National School Boards Association wanted Army National Guard called up against parents

In a September 2021 letter being prepared for dispatch to the White House, the National School Boards Association (NSBA) originally asked for military force to be deployed against angry parents at school board meetings who were upset about mask mandates and what their children were learning in school.

That’s right: The same group that likened the angry parents to domestic terrorists asked in a draft version of their letter, later revised, for the Army National Guard and military police to be sent to certain districts, reports.

“We ask that the Army National Guard and its Military Police be deployed to certain school districts and related events where students and school personnel have been subjected to acts and threats of violence,” reads the draft letter, according to an independent review.

The NSBA letter that did actually reach the White House in September 2021 asked for federal interdiction of protesting parents at school board meetings across the nation. It also asked that their actions be investigated under the Patriot Act as “domestic terrorism.”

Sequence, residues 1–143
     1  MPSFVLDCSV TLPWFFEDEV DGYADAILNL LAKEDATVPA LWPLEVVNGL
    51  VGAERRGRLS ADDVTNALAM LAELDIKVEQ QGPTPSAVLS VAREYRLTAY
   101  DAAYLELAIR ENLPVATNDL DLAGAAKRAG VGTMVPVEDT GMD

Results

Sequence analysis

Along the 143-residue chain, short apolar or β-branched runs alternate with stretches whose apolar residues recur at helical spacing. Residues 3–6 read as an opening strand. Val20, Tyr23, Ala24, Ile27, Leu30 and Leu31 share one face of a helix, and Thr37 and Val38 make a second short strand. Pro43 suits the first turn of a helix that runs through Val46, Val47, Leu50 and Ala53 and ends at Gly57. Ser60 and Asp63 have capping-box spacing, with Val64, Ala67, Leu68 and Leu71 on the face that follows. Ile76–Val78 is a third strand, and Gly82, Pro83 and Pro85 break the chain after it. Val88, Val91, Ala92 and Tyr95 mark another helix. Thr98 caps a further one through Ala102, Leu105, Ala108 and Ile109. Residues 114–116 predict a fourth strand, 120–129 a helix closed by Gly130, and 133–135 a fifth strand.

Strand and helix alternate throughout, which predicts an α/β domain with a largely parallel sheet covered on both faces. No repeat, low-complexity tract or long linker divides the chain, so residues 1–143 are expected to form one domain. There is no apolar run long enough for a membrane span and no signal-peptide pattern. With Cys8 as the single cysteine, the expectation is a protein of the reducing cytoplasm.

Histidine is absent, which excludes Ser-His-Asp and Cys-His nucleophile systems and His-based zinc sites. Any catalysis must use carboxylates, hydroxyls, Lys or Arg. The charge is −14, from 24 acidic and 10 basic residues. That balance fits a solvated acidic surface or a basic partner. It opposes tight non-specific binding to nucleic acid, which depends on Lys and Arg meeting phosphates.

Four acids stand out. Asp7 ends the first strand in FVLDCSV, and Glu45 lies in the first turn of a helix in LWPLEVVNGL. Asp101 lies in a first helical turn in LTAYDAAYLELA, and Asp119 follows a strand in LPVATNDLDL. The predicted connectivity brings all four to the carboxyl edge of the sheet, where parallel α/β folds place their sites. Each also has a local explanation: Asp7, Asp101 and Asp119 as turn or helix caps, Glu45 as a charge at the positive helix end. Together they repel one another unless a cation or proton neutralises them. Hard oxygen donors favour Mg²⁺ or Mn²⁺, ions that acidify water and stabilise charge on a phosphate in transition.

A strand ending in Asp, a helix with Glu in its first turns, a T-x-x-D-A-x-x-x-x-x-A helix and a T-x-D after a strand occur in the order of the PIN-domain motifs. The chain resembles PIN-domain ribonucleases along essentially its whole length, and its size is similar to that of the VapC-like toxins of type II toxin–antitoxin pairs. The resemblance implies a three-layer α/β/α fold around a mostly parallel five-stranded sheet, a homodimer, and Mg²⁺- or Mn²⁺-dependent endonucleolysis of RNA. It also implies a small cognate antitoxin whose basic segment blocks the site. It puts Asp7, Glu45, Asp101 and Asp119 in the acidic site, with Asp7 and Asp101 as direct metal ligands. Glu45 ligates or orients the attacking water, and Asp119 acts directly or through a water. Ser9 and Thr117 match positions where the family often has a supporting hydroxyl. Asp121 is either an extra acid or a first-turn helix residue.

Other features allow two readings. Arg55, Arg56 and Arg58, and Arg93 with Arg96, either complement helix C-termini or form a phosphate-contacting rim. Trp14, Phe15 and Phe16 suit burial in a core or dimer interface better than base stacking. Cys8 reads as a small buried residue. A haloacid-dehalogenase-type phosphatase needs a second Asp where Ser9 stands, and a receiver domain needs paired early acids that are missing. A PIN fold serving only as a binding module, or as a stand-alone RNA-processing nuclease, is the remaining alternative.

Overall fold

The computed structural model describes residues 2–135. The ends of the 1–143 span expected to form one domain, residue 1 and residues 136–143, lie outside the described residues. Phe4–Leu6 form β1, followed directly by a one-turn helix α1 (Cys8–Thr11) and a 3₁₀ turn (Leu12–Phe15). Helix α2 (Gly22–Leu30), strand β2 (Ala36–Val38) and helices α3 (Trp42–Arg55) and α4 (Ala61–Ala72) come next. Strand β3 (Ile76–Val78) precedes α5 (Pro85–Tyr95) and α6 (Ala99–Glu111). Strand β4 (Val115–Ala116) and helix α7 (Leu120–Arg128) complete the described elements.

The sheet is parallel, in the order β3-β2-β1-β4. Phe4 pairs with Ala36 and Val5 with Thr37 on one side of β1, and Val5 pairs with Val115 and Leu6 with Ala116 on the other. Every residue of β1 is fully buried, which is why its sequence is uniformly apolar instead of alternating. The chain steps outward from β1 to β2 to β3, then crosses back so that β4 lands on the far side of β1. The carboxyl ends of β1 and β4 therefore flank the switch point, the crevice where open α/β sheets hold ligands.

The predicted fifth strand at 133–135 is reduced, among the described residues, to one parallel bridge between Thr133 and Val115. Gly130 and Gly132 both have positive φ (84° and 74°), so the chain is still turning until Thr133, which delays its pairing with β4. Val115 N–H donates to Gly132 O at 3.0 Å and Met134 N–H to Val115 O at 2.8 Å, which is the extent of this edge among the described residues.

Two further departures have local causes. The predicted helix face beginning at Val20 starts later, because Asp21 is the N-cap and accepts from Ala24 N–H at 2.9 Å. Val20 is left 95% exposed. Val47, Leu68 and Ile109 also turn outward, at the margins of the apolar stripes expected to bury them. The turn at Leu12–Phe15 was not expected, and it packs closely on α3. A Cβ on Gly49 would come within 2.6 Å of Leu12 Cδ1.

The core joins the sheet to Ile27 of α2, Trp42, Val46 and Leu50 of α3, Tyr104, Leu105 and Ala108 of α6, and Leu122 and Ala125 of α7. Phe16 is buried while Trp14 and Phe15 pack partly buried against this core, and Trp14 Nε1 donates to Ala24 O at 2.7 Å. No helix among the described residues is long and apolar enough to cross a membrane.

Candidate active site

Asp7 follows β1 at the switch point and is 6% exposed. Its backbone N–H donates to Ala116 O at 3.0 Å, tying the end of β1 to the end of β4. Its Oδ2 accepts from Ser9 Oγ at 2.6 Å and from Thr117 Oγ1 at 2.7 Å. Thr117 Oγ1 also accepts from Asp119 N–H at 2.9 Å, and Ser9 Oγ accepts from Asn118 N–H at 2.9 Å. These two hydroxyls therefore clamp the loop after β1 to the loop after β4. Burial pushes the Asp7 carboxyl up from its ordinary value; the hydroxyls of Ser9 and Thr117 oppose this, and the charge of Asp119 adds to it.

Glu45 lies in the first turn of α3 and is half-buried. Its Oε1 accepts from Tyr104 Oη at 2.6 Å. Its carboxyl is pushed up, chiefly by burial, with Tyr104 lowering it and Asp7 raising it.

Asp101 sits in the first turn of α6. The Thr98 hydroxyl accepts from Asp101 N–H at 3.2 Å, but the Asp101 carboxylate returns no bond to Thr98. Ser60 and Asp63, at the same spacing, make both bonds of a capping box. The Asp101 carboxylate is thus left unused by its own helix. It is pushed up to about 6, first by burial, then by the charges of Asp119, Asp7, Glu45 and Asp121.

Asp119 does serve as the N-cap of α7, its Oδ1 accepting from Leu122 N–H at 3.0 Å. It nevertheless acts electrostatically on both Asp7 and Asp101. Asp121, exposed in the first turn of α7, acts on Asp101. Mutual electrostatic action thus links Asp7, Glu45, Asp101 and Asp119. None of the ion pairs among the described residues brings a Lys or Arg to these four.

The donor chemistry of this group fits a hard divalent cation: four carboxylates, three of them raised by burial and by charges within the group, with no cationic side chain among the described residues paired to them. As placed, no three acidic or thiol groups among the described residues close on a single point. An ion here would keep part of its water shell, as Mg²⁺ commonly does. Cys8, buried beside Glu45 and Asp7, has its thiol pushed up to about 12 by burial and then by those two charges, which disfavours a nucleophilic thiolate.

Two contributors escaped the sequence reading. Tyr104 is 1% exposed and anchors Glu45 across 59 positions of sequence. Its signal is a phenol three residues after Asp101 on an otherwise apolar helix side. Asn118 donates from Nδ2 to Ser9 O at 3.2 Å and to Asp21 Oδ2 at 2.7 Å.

The NSBA represents more than 90,000 school board members in 14,000 public school districts. The controversial letter was not authorized by the association’s board of directors or executive committee, the independent review noted, and a total of four people in the NSBA had reviewed it before it was sent.

Another part of the draft letter, also cut out before sending, labeled reports that critical race theory was being included in school curriculums as “propaganda.”

The exact wording was: “An increasing number of public school officials is [sic] facing physical threats because of propaganda purporting the inclusion of critical race theory within classroom instruction and curricula.” The early draft also called concerned parents “plotters who are targeting schools and educators.”

It has since been revealed that the White House and the Justice Department both actually colluded with the NSBA to alter the language of the letter, findings supported by the independent review of the letter. The review also reveals that the NSBA hired a “crisis management” company to deal with all the negative fallout from the letter.


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